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[84] king's instructions on that subject.1 In ‘the dan-
chap. IV.} 1751.
gerous precedent,’ Bollan, the agent for Massachusetts, discerned the latent purpose of introducing by degrees the same authority to control other articles. He argued, moreover, that ‘the province had a natural and lawful right to make use of its credit for its defence and preservation.’2 New York also urged ‘the benefit of a paper credit.’ Before the bill was engrossed, the obnoxious clause was abandoned.3 Yet there seemed to exist in the minds of ‘some persons of consequence,’ a fixed design of getting a parliamentary sanction of some kind or other to the king's instructions; and the scheme was conducted with great perseverance and art.4

Meantime, parliament, by its sovereign act, on the motion of Lord Chesterfield, changed the commencement of the year, and regulated the calendar for all the British dominions. As the earth and the moon, in their annual rounds, differed by eleven days from the English reckoning of time, and would not delay their return, the legislature of a Protestant kingdom, after centuries of obstinacy, submitted to be taught by the heavens, and conquering a prejudice, adopted the calendar as amended by a pope of Rome.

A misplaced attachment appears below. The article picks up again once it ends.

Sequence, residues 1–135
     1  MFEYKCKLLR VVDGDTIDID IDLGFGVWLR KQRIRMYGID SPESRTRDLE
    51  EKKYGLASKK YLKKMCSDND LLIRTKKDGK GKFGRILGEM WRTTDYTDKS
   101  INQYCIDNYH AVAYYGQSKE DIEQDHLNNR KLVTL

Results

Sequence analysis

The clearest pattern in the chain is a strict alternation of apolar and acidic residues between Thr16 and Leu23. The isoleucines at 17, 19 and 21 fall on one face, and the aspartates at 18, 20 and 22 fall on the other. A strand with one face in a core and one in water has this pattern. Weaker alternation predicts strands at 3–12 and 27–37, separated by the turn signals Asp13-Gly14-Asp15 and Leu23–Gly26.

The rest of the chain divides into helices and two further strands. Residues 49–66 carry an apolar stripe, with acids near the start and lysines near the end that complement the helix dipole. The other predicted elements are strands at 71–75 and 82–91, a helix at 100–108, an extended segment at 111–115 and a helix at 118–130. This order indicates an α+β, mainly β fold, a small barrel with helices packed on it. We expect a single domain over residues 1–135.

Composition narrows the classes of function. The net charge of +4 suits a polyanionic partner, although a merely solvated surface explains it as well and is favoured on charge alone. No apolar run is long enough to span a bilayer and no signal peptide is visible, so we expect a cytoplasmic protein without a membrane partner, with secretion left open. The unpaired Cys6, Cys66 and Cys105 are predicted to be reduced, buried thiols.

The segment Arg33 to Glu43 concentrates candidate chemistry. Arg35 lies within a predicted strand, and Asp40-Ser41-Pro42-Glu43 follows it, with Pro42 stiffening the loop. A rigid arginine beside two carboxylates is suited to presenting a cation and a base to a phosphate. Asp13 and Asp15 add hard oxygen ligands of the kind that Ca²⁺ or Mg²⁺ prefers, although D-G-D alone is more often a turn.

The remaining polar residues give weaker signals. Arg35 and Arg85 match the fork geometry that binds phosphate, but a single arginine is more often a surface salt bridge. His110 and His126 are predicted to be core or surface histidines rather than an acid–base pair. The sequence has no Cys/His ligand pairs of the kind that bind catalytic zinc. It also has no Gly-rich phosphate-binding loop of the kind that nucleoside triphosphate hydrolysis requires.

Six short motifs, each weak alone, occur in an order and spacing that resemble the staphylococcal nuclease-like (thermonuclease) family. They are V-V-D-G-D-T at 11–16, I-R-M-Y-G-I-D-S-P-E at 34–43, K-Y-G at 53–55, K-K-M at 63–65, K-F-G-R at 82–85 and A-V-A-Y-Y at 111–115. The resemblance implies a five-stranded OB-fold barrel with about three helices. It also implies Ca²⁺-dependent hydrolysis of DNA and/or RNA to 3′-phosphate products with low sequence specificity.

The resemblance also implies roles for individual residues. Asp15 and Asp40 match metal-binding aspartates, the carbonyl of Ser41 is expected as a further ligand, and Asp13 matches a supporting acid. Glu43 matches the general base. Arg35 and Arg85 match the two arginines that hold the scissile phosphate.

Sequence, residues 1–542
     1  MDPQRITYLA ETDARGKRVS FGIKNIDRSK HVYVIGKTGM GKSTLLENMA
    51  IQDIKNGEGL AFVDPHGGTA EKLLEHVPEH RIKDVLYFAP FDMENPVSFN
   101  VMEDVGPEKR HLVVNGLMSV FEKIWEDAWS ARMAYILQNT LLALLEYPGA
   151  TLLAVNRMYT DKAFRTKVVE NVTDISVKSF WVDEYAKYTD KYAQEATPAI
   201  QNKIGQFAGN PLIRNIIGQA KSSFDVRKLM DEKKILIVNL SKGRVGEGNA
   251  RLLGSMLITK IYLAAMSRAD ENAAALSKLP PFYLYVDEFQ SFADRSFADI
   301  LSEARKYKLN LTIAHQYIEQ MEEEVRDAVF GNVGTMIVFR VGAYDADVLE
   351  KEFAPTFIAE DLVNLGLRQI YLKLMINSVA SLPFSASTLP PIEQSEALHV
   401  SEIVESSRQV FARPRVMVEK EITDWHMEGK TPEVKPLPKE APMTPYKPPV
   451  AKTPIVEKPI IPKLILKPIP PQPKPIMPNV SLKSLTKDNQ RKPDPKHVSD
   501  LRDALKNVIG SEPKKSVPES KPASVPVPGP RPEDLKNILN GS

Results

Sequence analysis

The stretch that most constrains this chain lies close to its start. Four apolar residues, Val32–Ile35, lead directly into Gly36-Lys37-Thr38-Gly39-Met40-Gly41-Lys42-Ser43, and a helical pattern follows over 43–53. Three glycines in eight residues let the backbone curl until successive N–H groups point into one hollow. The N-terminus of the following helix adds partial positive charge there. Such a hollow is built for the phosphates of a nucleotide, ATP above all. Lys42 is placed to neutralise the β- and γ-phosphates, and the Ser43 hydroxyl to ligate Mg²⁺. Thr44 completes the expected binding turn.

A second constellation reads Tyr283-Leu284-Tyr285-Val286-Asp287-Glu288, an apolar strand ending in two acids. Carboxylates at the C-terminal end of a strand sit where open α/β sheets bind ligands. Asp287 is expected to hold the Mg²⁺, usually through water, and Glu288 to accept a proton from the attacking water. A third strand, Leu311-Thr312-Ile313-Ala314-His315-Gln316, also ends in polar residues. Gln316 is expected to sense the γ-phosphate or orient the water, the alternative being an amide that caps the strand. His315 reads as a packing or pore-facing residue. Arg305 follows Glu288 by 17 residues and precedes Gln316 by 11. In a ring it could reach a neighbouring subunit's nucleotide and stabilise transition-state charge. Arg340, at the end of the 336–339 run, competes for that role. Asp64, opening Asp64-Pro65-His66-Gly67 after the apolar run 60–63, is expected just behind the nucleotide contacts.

The Board of Trade was all the while maturing its scheme for an American civil list.5 The royal prerogative

1 Journal of the Commons, XXVI. 65, 119, 120, 187, 206, 265.

2 Compare Lind on Acts relating to the Colonies, 238.

3 24 Geo. II. c. LIII.

4 Bollan, agent for the Massachusetts Bay to the Speaker of its Assembly, 7 March, 12 April, 12 July, 1751.

5 Representation of the Board of Trade upon the State of New York, 2 April, 1751, in N. Y. London Doc. XXX. 5. Compare also order of the Privy Council of 6 August, 1751, and the justificatory Representation of the Lords of Trade, 4 April, 1754. London Doc. XXXI. 89.

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